People who help others can neglect looking after themselves. It’s a well-known hazard in the helping professions and Christmas here in the UK can serve as a useful reminder, if only that it is a common time for people to go down with bugs and be sick. It’s like we chase around after our own tails, get to the Christmas holiday and collapse in a sorry heap, like much of the rest of the workforce.

One characteristic is not knowing you’re exhausted till you stop. It’s slipped out of our conscious awareness. For the skilled helper, like coaches, counsellors, nurses and many others, our focus is “out there” with the needs of others. Then there’s those familiar drivers like the perceived need to make a difference, to work hard, to put others before oneself, to “get it right”, and so on, all perfectly worthy but also good solid compulsions towards burn out if not moderated by some good life balance activities.

“Slowing things down” is not a fashionable motif in our current compulsive, immediate gratification, “have it now”, “do it quick” paradigm. Yet, this is exactly what’s needed. The skilled helper needs to be self aware and socially aware, tuned in, conscious, picking up the subtleties in the field of awareness. We can’t do that if we’re driven, or not so well.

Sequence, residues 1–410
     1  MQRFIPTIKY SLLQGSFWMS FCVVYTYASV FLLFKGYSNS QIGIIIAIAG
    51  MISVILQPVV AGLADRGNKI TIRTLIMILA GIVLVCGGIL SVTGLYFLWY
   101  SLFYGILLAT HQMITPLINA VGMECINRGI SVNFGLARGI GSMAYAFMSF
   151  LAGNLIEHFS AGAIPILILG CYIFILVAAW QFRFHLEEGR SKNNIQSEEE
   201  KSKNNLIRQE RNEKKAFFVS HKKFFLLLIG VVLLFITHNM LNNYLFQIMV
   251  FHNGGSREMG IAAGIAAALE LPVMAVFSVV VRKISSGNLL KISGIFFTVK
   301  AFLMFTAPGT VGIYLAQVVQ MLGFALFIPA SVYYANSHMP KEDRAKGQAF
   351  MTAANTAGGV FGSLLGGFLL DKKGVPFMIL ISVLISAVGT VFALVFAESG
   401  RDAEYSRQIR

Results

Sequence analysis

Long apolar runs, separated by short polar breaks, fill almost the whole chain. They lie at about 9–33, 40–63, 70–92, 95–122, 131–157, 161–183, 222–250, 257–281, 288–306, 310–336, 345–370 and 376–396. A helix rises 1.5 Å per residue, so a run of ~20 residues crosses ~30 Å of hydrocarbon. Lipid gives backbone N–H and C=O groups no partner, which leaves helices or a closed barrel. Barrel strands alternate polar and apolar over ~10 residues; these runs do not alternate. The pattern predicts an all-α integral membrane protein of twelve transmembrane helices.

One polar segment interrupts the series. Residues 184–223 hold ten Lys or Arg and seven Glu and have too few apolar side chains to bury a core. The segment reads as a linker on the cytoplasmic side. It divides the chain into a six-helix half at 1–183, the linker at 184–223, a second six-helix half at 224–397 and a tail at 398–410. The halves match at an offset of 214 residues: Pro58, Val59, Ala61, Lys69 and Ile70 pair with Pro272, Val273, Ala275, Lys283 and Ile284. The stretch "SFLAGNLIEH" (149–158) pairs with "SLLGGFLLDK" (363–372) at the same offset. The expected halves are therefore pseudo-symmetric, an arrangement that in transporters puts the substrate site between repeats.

To help others means we also need to know how to help ourselves. The two go together. Otherwise we’re out of integrity. We’re not walking our talk. There’s otherwise a lie at the heart of what we’re doing, or if we’re unaware of it, then a failure to sustain awareness when under pressure.

And these are tough times for many people, which puts more demands on us. So we need to set an example and be a role model. Just like any leader.